In truth, many of these properties have serious structural and contamination issues. These problems take significantly more time and effort to fix and will often require professionals who specialize in rehabilitating these homes.

Common Problems in Hoarder Houses

When you move into a hoarder house, you must remove all of the clutter, which can be a huge task. You could spend days searching the attic, the basement, the closets, and every nook within the home. The problems of a hoarder house go well beyond the piles, however.

Hoarder houses often have the following additional problems:

  • Strong Odors: Certain spaces may have strong odors. Look carefully for clusters of mold and mildew on floors, walls, and other surfaces. Fungi, of course, can be harmful to your health. You could also buy an air quality monitor and test the air inside your new home. It might be contaminated with microbes or pollutants.
  • Plumbing Issues: In some hoarder houses, objects fall down drains or get flushed. As a result, the plumbing could get obstructed. Therefore, you check all of your sinks and toilets, and you ought to look for leaks as well. Leaks can cause major water damage.
  • Excessive Pet Hair: If a hoarder owns one or more pets, animal dander and waste could be scattered around his or her home. The bodies of deceased pets could be buried under clutter, too. Again, a full and careful inspection will locate those items.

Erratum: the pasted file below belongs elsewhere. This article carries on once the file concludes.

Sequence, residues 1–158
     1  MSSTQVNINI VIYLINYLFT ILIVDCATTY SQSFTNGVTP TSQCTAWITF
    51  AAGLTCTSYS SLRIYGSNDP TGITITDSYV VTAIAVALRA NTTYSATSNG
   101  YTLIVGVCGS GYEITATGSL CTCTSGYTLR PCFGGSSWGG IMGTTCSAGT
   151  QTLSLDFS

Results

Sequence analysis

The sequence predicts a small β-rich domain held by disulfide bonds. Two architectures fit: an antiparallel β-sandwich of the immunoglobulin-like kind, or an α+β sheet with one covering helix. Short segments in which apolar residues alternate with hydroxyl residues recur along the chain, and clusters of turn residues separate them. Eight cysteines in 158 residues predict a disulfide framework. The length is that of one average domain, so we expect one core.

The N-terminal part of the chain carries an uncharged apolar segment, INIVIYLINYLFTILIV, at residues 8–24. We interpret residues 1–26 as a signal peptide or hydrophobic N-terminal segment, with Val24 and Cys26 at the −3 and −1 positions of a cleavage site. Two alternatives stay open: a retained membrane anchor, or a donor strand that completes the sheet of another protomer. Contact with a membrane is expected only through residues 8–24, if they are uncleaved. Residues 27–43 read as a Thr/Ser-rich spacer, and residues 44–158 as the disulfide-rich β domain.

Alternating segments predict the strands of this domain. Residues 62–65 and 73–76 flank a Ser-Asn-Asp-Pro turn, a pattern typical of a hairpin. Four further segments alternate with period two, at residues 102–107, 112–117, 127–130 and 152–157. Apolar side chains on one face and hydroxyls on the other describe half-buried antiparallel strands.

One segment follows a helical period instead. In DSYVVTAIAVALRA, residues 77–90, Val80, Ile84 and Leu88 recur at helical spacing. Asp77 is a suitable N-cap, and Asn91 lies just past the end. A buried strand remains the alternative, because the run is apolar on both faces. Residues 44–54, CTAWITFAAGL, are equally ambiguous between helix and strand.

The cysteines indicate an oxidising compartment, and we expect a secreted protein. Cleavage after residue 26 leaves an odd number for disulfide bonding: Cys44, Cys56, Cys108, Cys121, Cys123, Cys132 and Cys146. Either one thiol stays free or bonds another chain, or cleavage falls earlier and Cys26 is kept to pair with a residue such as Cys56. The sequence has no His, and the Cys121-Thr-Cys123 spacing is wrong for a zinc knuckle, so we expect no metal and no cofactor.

• Pests: Hoarder houses can be havens for pests. That's scary since rats, mice, cockroaches, and other creatures can spread diseases. Not to mention, rodents and other animals can chew electrical wires, which can lead to serious hazards. And certain pests eat through wood and other construction materials, causing structural damage. With that in mind, look at shed skins, nests or nesting materials, gnaw marks, dead insects scattered around, and animal droppings.

How Can a Professional Cleaning Crew Make a Hoarder House Habitable?

The safest way to handle cleaning is to hire a professional team. After all, this home may contain many perils, including biohazards and sharp objects hidden in piles.

A professional cleaning crew will:

  • Remove all clutter

  • Deep clean each room and carpet

  • Figure out which types of fungi are growing in your home, and take the right steps to eliminate them

  • Locate asbestos and other dangerous materials, and safely transport them out of your house

  • Scrub windows, walls, patios, driveways, and other surfaces

  • Repair damaged objects and architectural elements

  • Fix cracked walls, ceilings with holes, and warped flooring

  • Check your plumbing and electrical fixtures, replacing any broken items

Bottom line: The professional restoration crew at Cut N Dry Restoration will have all the necessary supplies, tools, and materials to transform your property. We will conduct a thorough investigation, develop a customized and efficient plan of action, and then get to work. With the right team at your side, your hoarder house will soon be a happy home. To schedule your appointment, call (909) 829-5002.